The Authority shall be empowered to check records and books of accounts of the publications on the spot. For this purpose, another intimidating clause empowers the Authority to visit and inspect the premises of the printing presses and offices of the publications. Newspaper hawkers and newsagents are also in the line of fire of the Authority. It will have powers to inspect Akhbar Market and check records of newsagents and hawkers for the purpose of determining the circulation figures of a publication. It is interesting to note that the Authority has not been given powers to punish a publication for an offence. Basically, it is a recommendatory body.

If a newspaper is an audit defaulter, the Authority may recommend to the Ministry of Information its removal from the Central Media List. This is highly unjust because the chairman and more than half of the Authority’s members are officers of the Ministry of Information. PAPRA bill proposes heavy fines and even jail terms for newspaper publishers for committing an offence. The list of offences is long and includes concealment of record or document and creating hindrance and denying access to premises. Any publisher or person who violates the provisions of the Bill shall be guilty of an offence punishable with fine of up to one million rupees. If he repeats the violation, he shall be guilty of an offence punishable with imprisonment for a term which may extend to three years.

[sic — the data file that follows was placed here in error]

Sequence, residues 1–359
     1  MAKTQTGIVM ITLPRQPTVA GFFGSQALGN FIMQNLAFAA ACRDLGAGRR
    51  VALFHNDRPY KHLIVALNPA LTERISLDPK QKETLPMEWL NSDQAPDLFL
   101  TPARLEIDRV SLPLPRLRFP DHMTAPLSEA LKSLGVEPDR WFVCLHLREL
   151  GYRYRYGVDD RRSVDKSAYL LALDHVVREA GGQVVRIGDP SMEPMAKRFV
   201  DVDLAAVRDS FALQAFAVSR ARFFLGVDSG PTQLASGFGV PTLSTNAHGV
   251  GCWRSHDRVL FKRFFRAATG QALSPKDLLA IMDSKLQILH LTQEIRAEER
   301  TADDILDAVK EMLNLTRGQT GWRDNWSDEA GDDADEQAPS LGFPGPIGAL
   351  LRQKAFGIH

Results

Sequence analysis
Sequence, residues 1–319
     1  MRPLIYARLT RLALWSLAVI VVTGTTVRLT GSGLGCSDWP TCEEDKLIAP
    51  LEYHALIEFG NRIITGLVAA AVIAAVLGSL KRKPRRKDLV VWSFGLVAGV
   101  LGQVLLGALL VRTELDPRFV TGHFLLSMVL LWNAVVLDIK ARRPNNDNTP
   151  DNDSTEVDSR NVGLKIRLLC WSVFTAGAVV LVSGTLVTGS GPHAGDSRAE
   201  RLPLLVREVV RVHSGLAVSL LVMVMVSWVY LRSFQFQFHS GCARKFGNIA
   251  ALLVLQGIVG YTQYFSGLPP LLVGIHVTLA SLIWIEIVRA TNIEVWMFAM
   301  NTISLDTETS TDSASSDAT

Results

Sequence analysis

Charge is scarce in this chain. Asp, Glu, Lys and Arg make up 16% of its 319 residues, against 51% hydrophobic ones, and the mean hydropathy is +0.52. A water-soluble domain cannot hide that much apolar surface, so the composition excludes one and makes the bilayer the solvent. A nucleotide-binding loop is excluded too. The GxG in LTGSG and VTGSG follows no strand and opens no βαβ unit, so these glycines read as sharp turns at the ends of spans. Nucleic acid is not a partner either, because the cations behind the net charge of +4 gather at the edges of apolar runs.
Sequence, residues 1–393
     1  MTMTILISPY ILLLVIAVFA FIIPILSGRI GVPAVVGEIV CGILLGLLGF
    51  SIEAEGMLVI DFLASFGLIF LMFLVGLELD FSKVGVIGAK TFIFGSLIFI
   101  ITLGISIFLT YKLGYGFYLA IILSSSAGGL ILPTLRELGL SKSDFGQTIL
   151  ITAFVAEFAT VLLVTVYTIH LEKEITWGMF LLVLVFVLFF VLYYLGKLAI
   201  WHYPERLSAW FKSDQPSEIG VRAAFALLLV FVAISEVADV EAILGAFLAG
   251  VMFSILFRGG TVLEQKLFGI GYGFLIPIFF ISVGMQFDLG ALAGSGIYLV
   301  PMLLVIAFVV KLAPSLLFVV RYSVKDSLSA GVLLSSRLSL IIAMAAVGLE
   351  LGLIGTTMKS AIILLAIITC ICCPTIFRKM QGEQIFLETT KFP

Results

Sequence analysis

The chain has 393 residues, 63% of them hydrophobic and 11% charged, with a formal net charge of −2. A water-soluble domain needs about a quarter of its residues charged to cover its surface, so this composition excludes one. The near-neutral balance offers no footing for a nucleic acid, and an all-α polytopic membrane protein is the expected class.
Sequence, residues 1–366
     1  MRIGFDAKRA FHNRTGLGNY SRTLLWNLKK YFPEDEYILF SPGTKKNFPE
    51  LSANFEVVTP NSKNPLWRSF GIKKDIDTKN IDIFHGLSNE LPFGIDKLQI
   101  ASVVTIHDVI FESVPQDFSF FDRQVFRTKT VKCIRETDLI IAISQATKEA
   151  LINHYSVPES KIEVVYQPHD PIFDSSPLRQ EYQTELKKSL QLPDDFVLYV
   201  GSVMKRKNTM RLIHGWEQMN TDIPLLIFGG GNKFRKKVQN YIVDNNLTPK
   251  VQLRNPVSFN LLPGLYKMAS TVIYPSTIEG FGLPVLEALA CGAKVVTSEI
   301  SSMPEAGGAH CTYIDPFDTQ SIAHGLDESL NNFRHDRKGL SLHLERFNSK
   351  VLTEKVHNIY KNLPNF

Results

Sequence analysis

Where the person guilty of an offence under this Bill is a company, corporation or firm, every director, partner and employee of the company, corporation or firm shall, unless he proves that the offence was committed without his knowledge or consent, shall be guilty of the offence and shall be liable to be proceeded against and punished accordingly. It is not understandable why the government is contemplating introduction of a law which is repressive in nature and which prescribes draconian punishments for offenders. In order to find out the correct circulation figures of newspapers, the government need not resort to such extreme measures. If it suspects that an audit has been manipulated, it can appoint an auditor of its choice, preferably a renowned firm of chartered accounts, to make another audit to discover the truth.

The government does not really need an Authority for resolving such a minor issue unless if the object was something other than finding the true circulation of a newspaper. In my view, the approaching elections are making some members of the government jittery. And press freedom seems to be the biggest casualty of this development. They are no more in favour of freedom of the Press. It would be unfortunate if President Musharraf became susceptible to this tendency. Since his arrival on the scene, Press in Pakistan has been enjoying unprecedented freedom. PAPRA would be the first step towards curbing the freedom granted to the Press.
Source: The News
Date:12/16/2006